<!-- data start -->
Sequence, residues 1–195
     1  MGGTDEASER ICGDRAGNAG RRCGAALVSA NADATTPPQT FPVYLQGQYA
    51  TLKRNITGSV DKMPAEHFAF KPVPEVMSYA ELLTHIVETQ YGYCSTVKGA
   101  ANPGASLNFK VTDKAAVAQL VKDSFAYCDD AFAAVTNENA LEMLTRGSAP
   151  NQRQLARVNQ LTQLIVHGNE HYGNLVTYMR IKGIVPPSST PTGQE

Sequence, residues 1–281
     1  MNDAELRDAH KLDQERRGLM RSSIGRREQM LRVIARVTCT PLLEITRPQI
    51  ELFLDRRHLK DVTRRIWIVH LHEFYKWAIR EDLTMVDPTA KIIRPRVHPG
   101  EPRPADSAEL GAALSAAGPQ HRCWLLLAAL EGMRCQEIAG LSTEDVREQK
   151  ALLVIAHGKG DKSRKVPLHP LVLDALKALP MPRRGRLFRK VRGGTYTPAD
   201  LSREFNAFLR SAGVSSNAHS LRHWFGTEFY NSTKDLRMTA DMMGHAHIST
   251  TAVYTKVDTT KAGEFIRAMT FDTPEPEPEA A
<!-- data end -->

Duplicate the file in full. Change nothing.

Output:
Sequence, residues 1–195
     1  MGGTDEASER ICGDRAGNAG RRCGAALVSA NADATTPPQT FPVYLQGQYA
    51  TLKRNITGSV DKMPAEHFAF KPVPEVMSYA ELLTHIVETQ YGYCSTVKGA
   101  ANPGASLNFK VTDKAAVAQL VKDSFAYCDD AFAAVTNENA LEMLTRGSAP
   151  NQRQLARVNQ LTQLIVHGNE HYGNLVTYMR IKGIVPPSST PTGQE

Sequence, residues 1–281
     1  MNDAELRDAH KLDQERRGLM RSSIGRREQM LRVIARVTCT PLLEITRPQI
    51  ELFLDRRHLK DVTRRIWIVH LHEFYKWAIR EDLTMVDPTA KIIRPRVHPG
   101  EPRPADSAEL GAALSAAGPQ HRCWLLLAAL EGMRCQEIAG LSTEDVREQK
   151  ALLVIAHGKG DKSRKVPLHP LVLDALKALP MPRRGRLFRK VRGGTYTPAD
   201  LSREFNAFLR SAGVSSNAHS LRHWFGTEFY NSTKDLRMTA DMMGHAHIST
   251  TAVYTKVDTT KAGEFIRAMT FDTPEPEPEA A